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  • Feb 11 / 2018
  • Comments Off on Christ is our Model of what Christian Acceptance means (Romans 15:1-7)
Pastor Heo, Romans: The Righteousness of God, Sermons

Christ is our Model of what Christian Acceptance means (Romans 15:1-7)

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Christ is our model of what Christian Acceptance means

Romans 15:1-7 (Pastor Heo)

15:1 We who are strong ought to bear with the failings of the weak and not to please ourselves. 2 Each of us should please his neighbor for his good, to build him up. 3 For even Christ did not please himself but, as it is written: “The insults of those who insult you have fallen on me.” 4 For everything that was written in the past was written to teach us, so that through endurance and the encouragement of the Scriptures we might have hope. 5 May the God who gives endurance and encouragement give you a spirit of unity among yourselves as you follow Christ Jesus, 6 so that with one heart and mouth you may glorify the God and Father of our Lord Jesus Christ. 7 Accept one another, then, just as Christ accepted you, in order to bring praise to God.

Chp 14:1 “Accept him whose faith is weak without passing judgment.”

The Roman church at that time was a hybrid community:

  • Jews + Gentiles,
  • free + slave,
  • conservative + liberal,
  • rich + poor,
  • strong + weak

So, at that time, in the church, it was very difficult to accept one another. But we must remember, mutual acceptance in church is not optional but necessary because we are the body of Christ. Acceptance means taking people into our homes and hearts. We must avoid racism, discrimination, favoritism, differences. We must seek common ground for fellowship and relationship.

Are you strong or weak? Do you want to be stronger or remain weak?

In every area of this world, there are the strong and the weak: physically, financially, mentally, spiritually, socially, etc.

  • Strong believers = understand their freedom in Christ and are sensitive to the differences of others.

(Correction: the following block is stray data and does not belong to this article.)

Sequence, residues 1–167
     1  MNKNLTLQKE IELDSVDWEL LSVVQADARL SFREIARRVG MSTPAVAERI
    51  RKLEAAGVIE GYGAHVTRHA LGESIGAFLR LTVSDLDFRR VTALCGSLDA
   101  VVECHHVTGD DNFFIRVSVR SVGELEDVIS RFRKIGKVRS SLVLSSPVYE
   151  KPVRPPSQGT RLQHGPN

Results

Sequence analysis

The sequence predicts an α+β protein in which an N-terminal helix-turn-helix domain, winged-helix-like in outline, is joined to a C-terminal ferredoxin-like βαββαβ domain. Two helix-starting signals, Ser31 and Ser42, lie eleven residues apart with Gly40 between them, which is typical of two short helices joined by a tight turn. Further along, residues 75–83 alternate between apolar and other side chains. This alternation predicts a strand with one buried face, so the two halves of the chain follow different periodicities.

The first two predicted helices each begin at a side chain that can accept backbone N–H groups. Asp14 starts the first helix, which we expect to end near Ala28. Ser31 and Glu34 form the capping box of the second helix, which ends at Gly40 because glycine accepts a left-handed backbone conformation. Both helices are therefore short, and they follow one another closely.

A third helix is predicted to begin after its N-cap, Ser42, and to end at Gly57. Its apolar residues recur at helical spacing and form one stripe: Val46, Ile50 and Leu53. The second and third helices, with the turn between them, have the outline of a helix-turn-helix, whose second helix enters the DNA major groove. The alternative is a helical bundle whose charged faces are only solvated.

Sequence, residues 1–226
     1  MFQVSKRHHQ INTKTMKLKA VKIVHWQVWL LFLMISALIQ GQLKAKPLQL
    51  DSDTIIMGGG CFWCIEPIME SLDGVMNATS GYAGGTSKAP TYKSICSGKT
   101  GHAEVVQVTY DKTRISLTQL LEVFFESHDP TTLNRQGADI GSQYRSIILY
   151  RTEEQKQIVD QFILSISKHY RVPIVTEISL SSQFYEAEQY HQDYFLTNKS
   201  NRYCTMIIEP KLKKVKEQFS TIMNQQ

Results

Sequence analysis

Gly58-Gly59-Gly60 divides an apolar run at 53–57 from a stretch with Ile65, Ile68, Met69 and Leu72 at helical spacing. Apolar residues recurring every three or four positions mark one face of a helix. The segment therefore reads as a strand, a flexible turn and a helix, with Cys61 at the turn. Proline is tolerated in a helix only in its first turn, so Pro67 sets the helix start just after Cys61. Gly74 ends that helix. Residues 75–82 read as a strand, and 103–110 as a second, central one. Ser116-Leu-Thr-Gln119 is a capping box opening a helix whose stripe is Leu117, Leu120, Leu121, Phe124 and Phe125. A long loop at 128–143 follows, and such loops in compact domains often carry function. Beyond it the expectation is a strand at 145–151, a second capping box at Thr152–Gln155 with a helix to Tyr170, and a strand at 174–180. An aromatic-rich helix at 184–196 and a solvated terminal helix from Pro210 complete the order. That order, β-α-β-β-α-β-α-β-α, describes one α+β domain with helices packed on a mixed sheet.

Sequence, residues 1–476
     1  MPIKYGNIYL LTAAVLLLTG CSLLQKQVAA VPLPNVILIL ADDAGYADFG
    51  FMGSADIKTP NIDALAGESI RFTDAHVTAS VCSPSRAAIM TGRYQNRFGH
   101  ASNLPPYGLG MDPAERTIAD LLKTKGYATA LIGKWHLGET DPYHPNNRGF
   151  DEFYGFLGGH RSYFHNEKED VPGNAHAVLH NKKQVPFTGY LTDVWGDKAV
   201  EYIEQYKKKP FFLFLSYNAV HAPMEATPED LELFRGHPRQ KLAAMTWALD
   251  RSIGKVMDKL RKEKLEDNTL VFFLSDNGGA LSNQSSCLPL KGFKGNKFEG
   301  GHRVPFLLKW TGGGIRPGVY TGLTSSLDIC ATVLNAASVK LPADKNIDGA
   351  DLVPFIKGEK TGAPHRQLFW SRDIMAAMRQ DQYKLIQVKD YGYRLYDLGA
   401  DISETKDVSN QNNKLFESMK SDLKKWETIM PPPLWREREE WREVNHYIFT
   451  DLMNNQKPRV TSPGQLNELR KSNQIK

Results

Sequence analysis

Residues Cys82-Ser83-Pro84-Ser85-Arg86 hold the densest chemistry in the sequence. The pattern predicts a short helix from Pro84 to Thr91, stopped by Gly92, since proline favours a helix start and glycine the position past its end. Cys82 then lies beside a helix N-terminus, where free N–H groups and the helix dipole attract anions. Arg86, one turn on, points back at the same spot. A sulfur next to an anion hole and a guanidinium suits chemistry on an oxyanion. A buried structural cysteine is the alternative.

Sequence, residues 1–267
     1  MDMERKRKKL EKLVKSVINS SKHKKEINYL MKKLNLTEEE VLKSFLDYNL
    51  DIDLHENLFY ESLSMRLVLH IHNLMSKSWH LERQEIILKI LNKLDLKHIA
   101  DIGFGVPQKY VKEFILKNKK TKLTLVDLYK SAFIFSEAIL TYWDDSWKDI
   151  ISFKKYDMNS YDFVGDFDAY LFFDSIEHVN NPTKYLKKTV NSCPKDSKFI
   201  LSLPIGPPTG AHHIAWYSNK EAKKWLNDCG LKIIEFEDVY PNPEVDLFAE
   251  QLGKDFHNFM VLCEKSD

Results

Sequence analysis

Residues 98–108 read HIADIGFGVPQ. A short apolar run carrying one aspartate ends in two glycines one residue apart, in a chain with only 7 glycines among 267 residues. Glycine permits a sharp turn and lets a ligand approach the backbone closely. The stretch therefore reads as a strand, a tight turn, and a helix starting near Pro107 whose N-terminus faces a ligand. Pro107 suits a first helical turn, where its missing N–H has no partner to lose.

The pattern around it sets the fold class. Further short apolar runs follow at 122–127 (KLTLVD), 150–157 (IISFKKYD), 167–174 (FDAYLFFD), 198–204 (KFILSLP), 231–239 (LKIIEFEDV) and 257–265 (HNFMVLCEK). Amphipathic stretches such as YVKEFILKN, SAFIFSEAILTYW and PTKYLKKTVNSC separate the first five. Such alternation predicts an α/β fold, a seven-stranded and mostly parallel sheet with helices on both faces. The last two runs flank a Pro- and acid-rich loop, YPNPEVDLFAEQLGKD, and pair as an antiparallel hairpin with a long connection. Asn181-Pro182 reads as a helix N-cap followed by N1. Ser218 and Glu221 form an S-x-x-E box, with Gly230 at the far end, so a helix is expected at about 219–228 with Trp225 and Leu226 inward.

• Strong believers can function in a variety of circumstances and be an influence for good.
  • Weak believers = not yet mature in faith so as to be free from some rituals or traditions.
  • Weak believers find that they need to stay far away from some situations in order to maintain a clear conscience.

But we must remember that the Word of God and the message of salvation is unchangeable. But human habits and traditions and cultures and thinking are very changeable. So, we must be clear in this matter:

  • Fixable to Christ
  • Flexible to culture
  • Faithful to the Word of God
  • Flexible to the world

For me, when I went to the Philippines and Tanzania, I had to learn all about their language, history, culture, lifestyle, etc. I must become one of them, be identified with them. But at the same time, I must keep my own identity as a child of God and Christian missionary.

Identification without loss of identity is called contextualization.

Paul confessed as a missionary: “I’m free. I belong to nobody, but I make myself a slave to all men. To the Jews, I became like a Jew to win the Jews. To those under the Law, I became like a man under the Law though I’m not under the Law, to win them to Christ. To those without the Law, I became like one without the Law, though I myself am not, in order to save some. I became all things to all men so that I might save some of them.”

This was Paul’s identification.

1 Cor 2:2 “I resolved to know nothing while I was with you except Jesus Christ and him crucified.”

This is Paul’s identity.

Identification and Identity go together.

In this life, Jesus was the most powerful person who ever lived, but he did not please himself (v. 3). He did the Father’s will. Finally, death on the cross was not the path he would have chosen to please himself, but he chose to please God in heaven.

Acceptance is not independence from God, but total dependence on God – esp. power / strength in church does not come from independence, but from mutual dependencies.

“Christ is our model for what Christian acceptance means.”

“Your attitude should be the same as Christ Jesus because to this you were called. Jesus Christ left us an example.”

  1. Jesus (in heaven) came down to the lowest place – to raise us from the dead and put us into heaven.
  2. Jesus (very rich) became poor and naked to make us rich (heirs of the kingdom of heaven).
  3. Jesus (the strongest) became weak to make us strong.

Today, according to v. 7, “Accept one another”

v. 3-7

“3 For even Christ did not please himself but, as it is written: “The insults of those who insult you have fallen on me.”4 For everything that was written in the past was written to teach us, so that through endurance and the encouragement of the Scriptures we might have hope. 5 May the God who gives endurance and encouragement give you a spirit of unity among yourselves as you follow Christ Jesus, 6 so that with one heart and mouth you may glorify the God and Father of our Lord Jesus Christ. 7 Accept one another, then, just as Christ accepted you, in order to bring praise to God.”

Verse 7 means: